Back for the afternoon, we didn't really have a break because they inserted a class at noon from Daniel M. Lynch on Google+. Of course, I had to go to that to see what was going on. I found out that I haven't explored the site much yet. I think the genealogists are early adopters of this site, so I will get more into the site.
Quickly following Lynch, I went to a class by Alan Mann called, "Getting Informed without Being Overwhelmed: Blogs, Wikis and Social Networking." Now, why would I go to a class on blogs, wikis and social networking? Aren't I about saturated in these? Well, yes. But there is always the possibility that there is something I have overlooked. That has worked well at every conference I have attended. I find the most useful suggestions from classes on subjects I am fairly well acquainted with. Of course, there is always the random class on something I have never heard of, but by and large I am trying to increase my skills in the areas I am most involved with.
Alan Mann is always interesting and informative. He explained Blogs in a very useful way. I was happy to see another mention of WeRelate.org and Wiki.familysearch.org. The list of types of sites he covered is impressive, blogs, wikis, forums, and overall RSS feeds. It is the type of class every genealogist needs to take, unless they are already into every one of these areas. One new area he mentioned was the Facebook FamilySearch Research Communities. He explained news and post aggregators in detail, which was very helpful.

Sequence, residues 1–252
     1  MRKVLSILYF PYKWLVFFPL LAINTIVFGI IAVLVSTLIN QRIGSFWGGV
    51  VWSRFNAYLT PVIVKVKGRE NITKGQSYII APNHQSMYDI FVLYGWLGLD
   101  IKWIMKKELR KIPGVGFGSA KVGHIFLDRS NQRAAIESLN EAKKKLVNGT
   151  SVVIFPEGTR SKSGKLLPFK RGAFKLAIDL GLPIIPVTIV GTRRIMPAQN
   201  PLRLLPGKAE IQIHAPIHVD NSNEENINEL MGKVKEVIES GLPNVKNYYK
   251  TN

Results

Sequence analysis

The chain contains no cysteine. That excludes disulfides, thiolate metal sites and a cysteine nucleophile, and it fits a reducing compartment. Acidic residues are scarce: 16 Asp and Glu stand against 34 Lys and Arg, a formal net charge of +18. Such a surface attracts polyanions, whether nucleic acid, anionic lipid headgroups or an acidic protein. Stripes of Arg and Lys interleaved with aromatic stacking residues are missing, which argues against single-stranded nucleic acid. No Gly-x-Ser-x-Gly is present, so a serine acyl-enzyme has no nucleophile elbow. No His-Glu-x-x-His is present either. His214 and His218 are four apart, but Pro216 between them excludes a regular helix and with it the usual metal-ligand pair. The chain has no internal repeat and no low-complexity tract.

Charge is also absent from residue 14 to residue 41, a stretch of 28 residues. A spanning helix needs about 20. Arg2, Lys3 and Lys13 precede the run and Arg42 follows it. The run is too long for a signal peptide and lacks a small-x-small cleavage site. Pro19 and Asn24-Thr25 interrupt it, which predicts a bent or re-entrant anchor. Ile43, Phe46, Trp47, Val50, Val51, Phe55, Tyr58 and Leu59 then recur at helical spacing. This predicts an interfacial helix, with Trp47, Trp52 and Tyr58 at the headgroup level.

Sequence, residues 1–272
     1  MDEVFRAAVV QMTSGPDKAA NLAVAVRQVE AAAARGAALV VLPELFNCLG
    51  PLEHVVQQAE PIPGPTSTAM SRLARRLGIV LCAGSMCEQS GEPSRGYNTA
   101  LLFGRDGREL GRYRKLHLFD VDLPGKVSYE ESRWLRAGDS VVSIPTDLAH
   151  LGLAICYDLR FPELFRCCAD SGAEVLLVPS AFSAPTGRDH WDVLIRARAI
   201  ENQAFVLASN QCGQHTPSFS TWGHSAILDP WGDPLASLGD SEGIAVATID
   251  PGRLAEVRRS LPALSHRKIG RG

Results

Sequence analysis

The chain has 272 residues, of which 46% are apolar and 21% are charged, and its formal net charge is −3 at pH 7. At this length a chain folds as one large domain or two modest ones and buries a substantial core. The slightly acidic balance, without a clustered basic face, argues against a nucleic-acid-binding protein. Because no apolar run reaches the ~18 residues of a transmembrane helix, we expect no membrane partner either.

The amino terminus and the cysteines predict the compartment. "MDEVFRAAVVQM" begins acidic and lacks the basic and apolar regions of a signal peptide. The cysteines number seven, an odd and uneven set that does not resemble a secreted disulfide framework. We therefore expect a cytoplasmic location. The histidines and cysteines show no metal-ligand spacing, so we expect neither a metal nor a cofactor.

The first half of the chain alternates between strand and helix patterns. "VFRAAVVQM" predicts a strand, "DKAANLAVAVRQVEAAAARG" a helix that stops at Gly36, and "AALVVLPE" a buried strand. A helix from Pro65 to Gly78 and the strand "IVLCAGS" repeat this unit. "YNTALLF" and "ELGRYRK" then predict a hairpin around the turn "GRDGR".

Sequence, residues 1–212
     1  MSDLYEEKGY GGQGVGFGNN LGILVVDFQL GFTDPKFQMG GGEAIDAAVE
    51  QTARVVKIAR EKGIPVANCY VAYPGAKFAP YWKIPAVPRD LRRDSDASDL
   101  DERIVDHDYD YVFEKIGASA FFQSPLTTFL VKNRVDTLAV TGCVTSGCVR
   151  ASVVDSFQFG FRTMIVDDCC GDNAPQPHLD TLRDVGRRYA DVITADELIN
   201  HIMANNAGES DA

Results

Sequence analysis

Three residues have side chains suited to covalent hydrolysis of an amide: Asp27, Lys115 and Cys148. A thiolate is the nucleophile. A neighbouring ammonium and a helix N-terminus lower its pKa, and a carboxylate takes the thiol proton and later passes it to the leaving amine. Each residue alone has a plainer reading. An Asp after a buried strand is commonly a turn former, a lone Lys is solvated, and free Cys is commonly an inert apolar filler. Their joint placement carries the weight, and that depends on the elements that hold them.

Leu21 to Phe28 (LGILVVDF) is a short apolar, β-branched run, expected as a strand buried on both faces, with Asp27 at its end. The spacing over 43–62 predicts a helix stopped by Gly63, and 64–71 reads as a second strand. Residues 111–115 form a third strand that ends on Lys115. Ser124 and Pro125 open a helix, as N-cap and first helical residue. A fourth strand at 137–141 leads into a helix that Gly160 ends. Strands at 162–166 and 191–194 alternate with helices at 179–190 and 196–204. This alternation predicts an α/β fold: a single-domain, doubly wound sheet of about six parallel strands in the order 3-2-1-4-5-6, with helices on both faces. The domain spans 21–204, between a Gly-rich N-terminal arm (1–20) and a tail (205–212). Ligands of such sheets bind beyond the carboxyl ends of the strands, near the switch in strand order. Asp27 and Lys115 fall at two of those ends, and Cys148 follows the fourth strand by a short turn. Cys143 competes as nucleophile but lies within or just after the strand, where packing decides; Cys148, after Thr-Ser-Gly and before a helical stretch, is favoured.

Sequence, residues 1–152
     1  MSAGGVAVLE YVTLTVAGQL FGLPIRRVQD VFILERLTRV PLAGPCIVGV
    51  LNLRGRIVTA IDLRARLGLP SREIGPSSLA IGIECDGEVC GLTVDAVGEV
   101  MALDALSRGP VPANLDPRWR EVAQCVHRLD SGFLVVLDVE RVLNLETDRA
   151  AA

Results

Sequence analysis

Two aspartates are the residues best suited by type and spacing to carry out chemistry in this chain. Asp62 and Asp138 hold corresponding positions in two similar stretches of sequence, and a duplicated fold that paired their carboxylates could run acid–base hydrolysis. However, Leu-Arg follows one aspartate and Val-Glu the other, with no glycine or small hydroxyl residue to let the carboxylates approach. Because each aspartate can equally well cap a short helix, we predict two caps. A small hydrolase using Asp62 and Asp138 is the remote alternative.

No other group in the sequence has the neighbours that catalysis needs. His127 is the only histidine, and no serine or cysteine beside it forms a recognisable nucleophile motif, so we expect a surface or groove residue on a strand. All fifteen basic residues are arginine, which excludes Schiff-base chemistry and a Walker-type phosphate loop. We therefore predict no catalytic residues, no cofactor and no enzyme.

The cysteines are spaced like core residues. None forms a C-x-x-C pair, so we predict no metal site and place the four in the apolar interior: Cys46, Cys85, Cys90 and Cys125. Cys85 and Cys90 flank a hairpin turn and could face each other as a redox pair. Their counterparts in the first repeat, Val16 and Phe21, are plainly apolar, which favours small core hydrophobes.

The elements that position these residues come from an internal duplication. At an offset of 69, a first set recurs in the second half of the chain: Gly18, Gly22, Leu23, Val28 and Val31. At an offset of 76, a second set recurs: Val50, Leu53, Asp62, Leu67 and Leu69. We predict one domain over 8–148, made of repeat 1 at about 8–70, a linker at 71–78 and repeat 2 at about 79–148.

Next, it was a class called "Conserving Our Personal Collections" by Shellee A. Morehead. This was definitely a class I needed, especially from the opening about having a specific codicil to a will to take care of the stuff. She also starts by mentioning the National Union Catalog of Manuscript Collections (NUCMC) This is the second time I have heard this collection mentioned during the conference, I must get into this catalog.
This turns out to be a lecture to me to get back into the huge pile of stuff I have all over the house and in the garage. I don't think anyone will appreciate the tens of thousands of pages of documents and photographs that I have unless it is organized in some way. As Morehead says, stored properly and labeled. "Do not store family history materials in basements, garages, attics or storage units. Oops, I have already violated this rule by having 30 or so boxes of stuff in the garage. I do have to note that I have over 73,000 scans, so far. I probably have more than that left to do.
Put all of these documents into collections? How would that be possible?
The last class of the day, Daniel M. Lynch returns with Google Images. He covers some basics of searching; who are we looking for, where were they and when did the event occur. Searching for images and videos involves a careful selection of keywords. Sometimes you can find things that are close but not exactly of the person or event. Very good information about an area I have mostly neglected.
Off to the last day of the conference.